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familiesFandGareequivalent.UnderHf1theresearcherconcludesthatFisbetterthanG,whiletheoppositeconclusionismadeunderHg1. Yangetal. ( 2007 )usedthe Vuong ( 1989 )testingproceduretoselectbetweenlinear(generalizedPoisson)andquadratic(negativebinomial)overdispersedalternativestothePoissonmodelfamily.TakeFff(yj,')j>0,'2(0,1)g,thefamilyofoverdispersed(generalized)Poissondistributions,andGfg(yjp,s)js>0,p2(0,1)gthefamilyofnegativebinomialdistributions.Expandinguponthenotationintroducedintheprevioussection,thenullhypothesisforchoosingbetweenthegeneralizedPoissonandnegativebinomialmodelsisH(GP,NB)0.UnderH(GP,NB)0,thereisnoevidencetodistinguishbetweenthegeneralizedPoissonandnegativebinomialmodelfamilies.ThelinearlyoverdispersedgeneralizedPoissonalternativewillbedenotedH(GP)1andthequadraticoverdispersed(negativebinomial)alternativewillbedenotedH(NB)1.InthiscasetheVuongteststatisticV(GP,NB)isn)]TJ /F10 7.97 Tf 6.59 0 Td[(1=2timestheratioofthelog-likelihoodratio,LR,totheestimatedstandarddeviationofLR,wherebothareevaluatedatthemaximumlikelihoodestimators(MLEs)obtainedfromatoftherespectivegeneralizedlinearmodel(GLM).HereLR(^,^',^p,^sjy)=nXi=1logf(Yijxi,^) g(Yijxi,^)=nXi=1log^(^+^'yi)yi)]TJ /F10 7.97 Tf 6.58 0 Td[(1exp()]TJ /F6 11.955 Tf 10.03 2.65 Td[(^)]TJ /F6 11.955 Tf 13.63 0 Td[(^'yi)=yi! \(yi+^s)^p^s(1)]TJ /F6 11.955 Tf 12.1 0 Td[(^p)yi=yi!\(^s)andbysimilarsubstitutionofMLEsfortherespectivegeneralizedPoissonandnegativebinomialparametersweobtaintheestimatedvariance^!2(^,^',^p,^sjy).ThegeneralizedPoissonversusnegativebinomial Vuong ( 1989 )teststatisticisthusV(GP,NB)=[n^!2(^,^',^p,^sjy)])]TJ /F10 7.97 Tf 6.59 0 Td[(1=2LR(^,^',^p,^sjy).Wefurtherapply Vuong ( 1989 )testsofnon-nestedhypothesestoselectbetweenthePoissonandbothlinear(generalizedPoisson)andquadratic(negativebinomial)alternatives.Teststatisticsarecalculatedintheabovemanner(i.e.FisthegeneralizedPoissonfamilyandGisthePoissonfamily),with 39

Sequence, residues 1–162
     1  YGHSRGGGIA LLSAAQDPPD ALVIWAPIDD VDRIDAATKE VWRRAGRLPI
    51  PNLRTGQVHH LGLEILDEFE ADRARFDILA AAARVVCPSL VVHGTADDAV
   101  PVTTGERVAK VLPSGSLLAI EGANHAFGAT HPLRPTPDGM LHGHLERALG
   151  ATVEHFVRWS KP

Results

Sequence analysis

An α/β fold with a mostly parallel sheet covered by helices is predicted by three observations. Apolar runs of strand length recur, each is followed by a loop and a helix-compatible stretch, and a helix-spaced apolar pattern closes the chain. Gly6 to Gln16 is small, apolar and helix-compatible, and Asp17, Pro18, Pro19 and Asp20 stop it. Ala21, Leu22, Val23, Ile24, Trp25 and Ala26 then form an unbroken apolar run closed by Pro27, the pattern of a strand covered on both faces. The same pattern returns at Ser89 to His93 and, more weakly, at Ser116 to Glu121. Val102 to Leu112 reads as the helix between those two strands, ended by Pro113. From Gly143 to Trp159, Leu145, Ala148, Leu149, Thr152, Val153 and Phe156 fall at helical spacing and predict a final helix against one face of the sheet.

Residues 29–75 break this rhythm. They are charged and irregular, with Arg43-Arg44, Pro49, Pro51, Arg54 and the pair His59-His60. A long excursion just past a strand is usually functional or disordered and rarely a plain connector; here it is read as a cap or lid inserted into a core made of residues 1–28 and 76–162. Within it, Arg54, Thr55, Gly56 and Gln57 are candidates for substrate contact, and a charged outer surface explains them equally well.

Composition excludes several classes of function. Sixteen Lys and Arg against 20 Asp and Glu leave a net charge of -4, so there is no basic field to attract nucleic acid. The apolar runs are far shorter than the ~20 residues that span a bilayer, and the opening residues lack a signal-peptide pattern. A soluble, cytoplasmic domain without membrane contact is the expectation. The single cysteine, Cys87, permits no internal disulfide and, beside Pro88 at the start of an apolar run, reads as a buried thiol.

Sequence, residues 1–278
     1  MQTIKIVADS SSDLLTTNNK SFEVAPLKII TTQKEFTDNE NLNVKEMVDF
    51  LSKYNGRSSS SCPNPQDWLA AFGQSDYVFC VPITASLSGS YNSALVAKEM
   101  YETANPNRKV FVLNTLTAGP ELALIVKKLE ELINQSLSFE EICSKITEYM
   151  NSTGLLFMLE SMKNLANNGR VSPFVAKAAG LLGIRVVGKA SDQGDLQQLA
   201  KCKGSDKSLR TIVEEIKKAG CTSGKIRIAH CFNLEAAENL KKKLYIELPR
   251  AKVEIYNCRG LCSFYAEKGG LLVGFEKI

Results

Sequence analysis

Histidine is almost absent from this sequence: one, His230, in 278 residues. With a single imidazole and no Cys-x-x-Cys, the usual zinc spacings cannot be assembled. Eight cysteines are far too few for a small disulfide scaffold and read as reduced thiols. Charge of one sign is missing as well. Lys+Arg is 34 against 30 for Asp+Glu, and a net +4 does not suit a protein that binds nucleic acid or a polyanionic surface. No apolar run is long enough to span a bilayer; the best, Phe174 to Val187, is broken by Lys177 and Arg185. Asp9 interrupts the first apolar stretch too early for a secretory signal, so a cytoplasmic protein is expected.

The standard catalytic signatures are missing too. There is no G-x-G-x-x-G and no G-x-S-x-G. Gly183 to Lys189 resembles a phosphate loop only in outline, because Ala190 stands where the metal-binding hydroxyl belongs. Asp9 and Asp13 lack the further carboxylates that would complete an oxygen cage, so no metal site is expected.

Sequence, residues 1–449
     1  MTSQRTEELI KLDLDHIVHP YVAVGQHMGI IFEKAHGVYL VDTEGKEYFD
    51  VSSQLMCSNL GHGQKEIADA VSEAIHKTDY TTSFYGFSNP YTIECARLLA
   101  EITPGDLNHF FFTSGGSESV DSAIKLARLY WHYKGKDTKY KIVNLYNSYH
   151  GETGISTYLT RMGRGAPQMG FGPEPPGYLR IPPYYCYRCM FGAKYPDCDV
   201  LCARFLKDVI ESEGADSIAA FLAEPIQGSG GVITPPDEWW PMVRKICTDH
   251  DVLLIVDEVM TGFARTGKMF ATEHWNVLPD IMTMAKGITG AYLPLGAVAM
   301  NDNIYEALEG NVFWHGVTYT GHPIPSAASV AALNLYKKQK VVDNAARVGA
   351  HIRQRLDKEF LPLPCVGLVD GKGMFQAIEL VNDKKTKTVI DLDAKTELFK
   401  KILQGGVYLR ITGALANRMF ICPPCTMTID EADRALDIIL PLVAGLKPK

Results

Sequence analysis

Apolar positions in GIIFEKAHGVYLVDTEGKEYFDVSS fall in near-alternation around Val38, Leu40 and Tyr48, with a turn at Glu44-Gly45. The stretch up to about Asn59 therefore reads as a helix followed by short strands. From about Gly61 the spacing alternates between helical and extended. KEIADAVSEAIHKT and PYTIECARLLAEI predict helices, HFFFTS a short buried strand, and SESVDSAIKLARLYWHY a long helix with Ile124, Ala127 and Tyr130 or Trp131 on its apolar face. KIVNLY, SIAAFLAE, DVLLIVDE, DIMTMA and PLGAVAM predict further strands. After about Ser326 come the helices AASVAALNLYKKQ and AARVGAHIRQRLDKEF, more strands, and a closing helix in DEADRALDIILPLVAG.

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necessaryparameterspaceboundaryconditionstoensuretheclassesofgeneralizedPoissonandnegativebinomialmodelsdonotincludethePoissonmodelfamily.Inkeepingwiththenotationoftheprevioussection,hypothesesandteststatisticsforchoosingbetweenthePoissonandgeneralizedPoissonareH(GP,P)0,H(GP,P)1,andV(GP,P),respectively.HypothesesandteststatisticsforchoosingbetweenthePoissonandnegativebinomialareH(NB,P)0,H(NB,P)1,andV(NB,P),respectively.Inbothcasesweconsiderone-sidedalternativesasweviewthePoissonlog-linearGLMtobethedefaultcountdatamodel.Oneissuewiththe Vuong ( 1989 )testarisesasfollows:consideranANOVA-typedesignwithobservationsmadeonunitsineachoftwoindependentgroups.Thedatageneratingmechanismisassumedtobeoverdispersedrelativetothemean.Intheeventthattherstgroupmean,1,isequaltothesecondgroupmean,2,thetwogroupsarereallyonesupergroupwithmean1=2andvariance2.Underthenullhypothesisofnogroupeffectwemayestimatethesupergroupsamplemeanandvariancewithyands2,respectively.Becausethereisonlyonegroup,wehaveonlyoneorderedpair(y,s2)withwhichwemustestimatethegeneralizedPoissonornegativebinomialdispersionparameter.InthegeneralizedPoissoncase,whereVar(Y)=,weobtain^=s2=y.Inthenegativebinomialcase,whereVar(Y)=+(1=k)2,weobtain^k==(s2=)]TJ /F6 11.955 Tf 11.96 0 Td[(1).Withoutasecondgroup,itisdifculttoarguewhichmodelisbetter.Inthetwosamplecasewedistinguishbetweenthereducedmodelofacommongroupmean1=2andthefullmodelofpossiblydistinct1,2.Underthereducedmodel,allobservationsarefromasinglegroupandthusthe Vuong ( 1989 )testwillnotbeeffective.Inthefullmodelwehavetwoorderedpairs(y1,s21)and(y2,s22)fromwithwhichwemayestimatedispersionparameters.Assumingaconstantdispersionparameteracrossgroupswemaynowobtaintwoestimatesofthedispersionparameter.Forexample,inthegeneralizedPoissoncasewehave^1=s21=y1and^2=s22=y2.If^1^2thenwemightreasonablysupposethedatageneratingmechanismis 40